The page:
I did promise you there would be more Elle pants coming, and I’m a woman who sticks by her word! Like my last pair, these were made in bengaline from the Spotlight clearance table, though I think they were more like $6/m, making this project a costly $10 total. What can I say, I’m a scrooge.*
Warning: contains a GIF
Lately I seem to be catching up on trends – first McCall’s 6696 shirtdress, now Style Arc Elle pants. Again, this pattern has been doing the rounds for a while and produces consistently good results. There are lots of fabulous versions out there, but I consider Lara from Thornberry my Style Arc style inspiration. Her co-ordinated outfits made from Style Arc patterns were impetus enough for me to give Style Arc a try.
Last time, I shared with you a few dresses I’d made for my friends. I felt this particular dress deserved a post of its own.
This dress is my pièce de résistance – a knock off the Lindy Bop Ophelia dress, drafted from New Look 6773. It was made from Spotlight poly poplin. Before you ask, I am aware that Gertie produced a pattern for Butterick (5882) which is similar in style to the Ophelia. I did consider using it, but the bust piece is so small that it looks less like a design feature and more like a pair of small birds landed on the model’s chest.
I am very lucky to have lovely friends who are not only infinitely more gorgeous than me*, but also let me sew for them. As someone who is mainly housebound, I don’t have the opportunity to dress up for special occasions. To be able to sew for people who will get out and about in fancy clothes is incredibly cathartic, as it indulges my whim to sew special garments which I know will get good wear (unlike my formal clothes, which sit unloved in my wardrobe). It is also a helpful mental coping tool, as it forces my mind out of my situation, in which I feel trapped, and into the outside world.
Warning: contains a GIF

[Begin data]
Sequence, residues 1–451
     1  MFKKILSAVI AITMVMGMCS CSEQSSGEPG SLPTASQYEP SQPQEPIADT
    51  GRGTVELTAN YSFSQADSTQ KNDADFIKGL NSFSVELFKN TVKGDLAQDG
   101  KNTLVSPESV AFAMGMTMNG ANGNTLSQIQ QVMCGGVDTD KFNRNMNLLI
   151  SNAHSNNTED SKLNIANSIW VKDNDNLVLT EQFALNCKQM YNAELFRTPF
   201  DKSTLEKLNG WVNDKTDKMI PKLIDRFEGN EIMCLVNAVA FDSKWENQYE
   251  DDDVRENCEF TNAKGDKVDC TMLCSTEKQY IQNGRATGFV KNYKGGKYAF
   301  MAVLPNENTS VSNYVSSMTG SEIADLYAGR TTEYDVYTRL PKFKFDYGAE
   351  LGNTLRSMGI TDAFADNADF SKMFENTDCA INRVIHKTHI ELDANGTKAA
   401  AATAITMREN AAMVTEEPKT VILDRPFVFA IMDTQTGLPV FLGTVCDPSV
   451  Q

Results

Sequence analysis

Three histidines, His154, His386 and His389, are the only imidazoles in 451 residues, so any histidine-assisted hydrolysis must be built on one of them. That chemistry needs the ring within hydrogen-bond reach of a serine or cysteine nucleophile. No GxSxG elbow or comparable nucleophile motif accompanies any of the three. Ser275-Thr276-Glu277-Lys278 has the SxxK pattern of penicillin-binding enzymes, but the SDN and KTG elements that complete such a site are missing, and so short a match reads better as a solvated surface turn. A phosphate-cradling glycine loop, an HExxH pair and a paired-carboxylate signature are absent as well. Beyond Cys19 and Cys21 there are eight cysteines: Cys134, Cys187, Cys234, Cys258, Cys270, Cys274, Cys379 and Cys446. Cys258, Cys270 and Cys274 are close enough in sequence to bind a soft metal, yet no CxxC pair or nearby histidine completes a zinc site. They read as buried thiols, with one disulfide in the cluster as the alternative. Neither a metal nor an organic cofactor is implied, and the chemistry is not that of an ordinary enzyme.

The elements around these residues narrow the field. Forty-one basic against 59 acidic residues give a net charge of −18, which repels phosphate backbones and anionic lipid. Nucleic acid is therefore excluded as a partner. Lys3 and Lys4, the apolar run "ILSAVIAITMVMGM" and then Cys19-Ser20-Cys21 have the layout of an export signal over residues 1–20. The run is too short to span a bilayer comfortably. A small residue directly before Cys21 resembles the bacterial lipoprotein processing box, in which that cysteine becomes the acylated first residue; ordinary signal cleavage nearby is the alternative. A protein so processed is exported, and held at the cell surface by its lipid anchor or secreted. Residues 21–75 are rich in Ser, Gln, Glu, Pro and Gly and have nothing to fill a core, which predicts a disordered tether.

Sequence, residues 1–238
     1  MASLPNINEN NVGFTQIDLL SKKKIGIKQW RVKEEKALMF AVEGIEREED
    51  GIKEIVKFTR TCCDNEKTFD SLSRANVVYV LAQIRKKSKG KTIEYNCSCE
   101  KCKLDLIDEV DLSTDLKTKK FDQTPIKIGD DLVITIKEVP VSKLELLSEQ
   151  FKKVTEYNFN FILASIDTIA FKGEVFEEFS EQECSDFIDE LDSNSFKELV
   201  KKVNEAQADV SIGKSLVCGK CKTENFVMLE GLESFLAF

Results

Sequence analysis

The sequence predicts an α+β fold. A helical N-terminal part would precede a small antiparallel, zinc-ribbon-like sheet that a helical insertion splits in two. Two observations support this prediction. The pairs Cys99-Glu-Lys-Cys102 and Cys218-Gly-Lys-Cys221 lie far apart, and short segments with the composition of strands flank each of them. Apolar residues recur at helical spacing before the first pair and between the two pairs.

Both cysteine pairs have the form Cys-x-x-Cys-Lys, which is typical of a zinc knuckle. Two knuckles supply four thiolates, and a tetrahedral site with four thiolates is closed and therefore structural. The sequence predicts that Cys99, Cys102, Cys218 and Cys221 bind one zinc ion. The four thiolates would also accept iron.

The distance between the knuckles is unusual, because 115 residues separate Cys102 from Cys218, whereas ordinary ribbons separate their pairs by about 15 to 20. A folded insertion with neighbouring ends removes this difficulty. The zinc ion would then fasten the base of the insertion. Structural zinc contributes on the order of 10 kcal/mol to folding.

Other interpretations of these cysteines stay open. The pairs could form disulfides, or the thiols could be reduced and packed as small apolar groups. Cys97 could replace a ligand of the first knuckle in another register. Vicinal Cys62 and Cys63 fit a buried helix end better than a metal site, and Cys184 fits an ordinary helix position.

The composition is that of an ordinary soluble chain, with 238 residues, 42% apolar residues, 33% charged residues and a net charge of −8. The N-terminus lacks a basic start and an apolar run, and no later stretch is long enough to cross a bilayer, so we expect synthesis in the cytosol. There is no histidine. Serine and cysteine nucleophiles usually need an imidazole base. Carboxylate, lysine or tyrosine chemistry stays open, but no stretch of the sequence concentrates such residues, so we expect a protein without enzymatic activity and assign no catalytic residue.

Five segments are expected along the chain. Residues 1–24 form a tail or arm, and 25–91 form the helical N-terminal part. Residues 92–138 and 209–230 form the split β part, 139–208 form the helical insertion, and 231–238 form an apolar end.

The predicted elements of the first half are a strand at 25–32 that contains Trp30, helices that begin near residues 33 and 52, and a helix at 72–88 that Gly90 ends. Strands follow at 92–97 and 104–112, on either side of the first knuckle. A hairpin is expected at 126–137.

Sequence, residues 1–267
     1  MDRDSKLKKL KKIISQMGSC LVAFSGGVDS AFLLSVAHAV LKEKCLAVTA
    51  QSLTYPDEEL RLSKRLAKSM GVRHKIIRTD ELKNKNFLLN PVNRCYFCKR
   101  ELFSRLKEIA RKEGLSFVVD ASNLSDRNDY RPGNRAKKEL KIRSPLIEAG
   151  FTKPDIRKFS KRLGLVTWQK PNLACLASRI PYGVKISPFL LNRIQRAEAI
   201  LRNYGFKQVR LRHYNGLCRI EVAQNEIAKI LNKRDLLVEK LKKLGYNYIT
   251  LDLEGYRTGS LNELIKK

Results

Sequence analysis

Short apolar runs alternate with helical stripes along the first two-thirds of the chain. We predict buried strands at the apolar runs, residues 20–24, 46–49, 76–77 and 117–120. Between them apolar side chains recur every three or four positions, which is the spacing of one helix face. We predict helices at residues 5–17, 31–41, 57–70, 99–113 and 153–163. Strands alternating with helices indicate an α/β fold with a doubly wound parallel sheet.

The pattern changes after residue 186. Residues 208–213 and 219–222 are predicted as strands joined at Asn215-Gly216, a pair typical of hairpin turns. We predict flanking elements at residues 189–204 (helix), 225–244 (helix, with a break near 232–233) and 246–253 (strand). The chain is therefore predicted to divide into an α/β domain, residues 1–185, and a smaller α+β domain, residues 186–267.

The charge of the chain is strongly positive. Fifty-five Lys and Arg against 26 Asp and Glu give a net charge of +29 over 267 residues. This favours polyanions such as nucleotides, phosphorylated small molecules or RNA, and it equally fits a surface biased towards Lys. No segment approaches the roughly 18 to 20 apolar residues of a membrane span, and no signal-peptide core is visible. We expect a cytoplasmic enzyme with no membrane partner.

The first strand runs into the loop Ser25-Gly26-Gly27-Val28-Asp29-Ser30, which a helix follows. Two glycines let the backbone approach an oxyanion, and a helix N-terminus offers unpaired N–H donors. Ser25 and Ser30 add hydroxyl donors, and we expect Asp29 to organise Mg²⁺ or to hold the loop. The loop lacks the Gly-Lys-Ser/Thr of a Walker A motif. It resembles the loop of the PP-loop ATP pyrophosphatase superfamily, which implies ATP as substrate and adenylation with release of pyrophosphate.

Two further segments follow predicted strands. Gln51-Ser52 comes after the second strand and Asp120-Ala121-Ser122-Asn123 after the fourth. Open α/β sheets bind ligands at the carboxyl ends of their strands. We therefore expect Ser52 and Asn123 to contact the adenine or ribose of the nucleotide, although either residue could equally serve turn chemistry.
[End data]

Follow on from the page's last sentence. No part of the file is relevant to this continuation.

Any sewing aficionado not living under a rock will be aware of McCall’s 6696, their famous shirtdress pattern. Gorgeous variations abound online, and for good reason – it seems to be one of those unicorn patterns that looks good on just about anyone. Except me, of course.
Welcome back. In Part I, I discussed drafting errors, grafts and crotches in indie patterns. In Part II, I finally utilise my psyc degree for completely useless purposes and share sordid stories of brand loyalty. For those with visual difficulties, there is a GIF at the end of the post.
Indie pattern company lovers: I get the hype, I really do. Being a member of several online communities that have an inclination to cult-like behaviour, I have seen and participated in many trends which were little more than clever marketing campaigns. I have seen knitting lovers fight for the right to purchase $100+ skeins of yarn. On buy swap sell groups, brand lovers will line up to purchase a stained $200 dress, or bid each other upwards of $1000 for a jacket that cost $300 retail. I’ve even sold crotch-stained tights to a diehard Gorman lover.* I’VE SEEN SOME SHIT GUYS.**
Warning: this is a long post, as I coalesce thoughts that I’ve had for a long time into words. I’m sharing this in two parts, as it ended up much longer than I expected. Bear with me – or not!
Indie sewing patterns: you either love them or you….love them. In the online sewing community, there seems to be little choice: the narrative is one of the Nasty Big 4 Corporations (McCall’s, Simplicity, Vogue and Butterick, alternately known as McVoguerick) wielding their industrial might to crush the little guy, indie pattern companies. They are the hero of this story, the hard-working small business owners come good. For a long while now, I’ve suspected that the success of indie pattern companies is built more on hype than good drafting, and the release of Colette Pattern’s Rue dress has brought these thoughts to a head.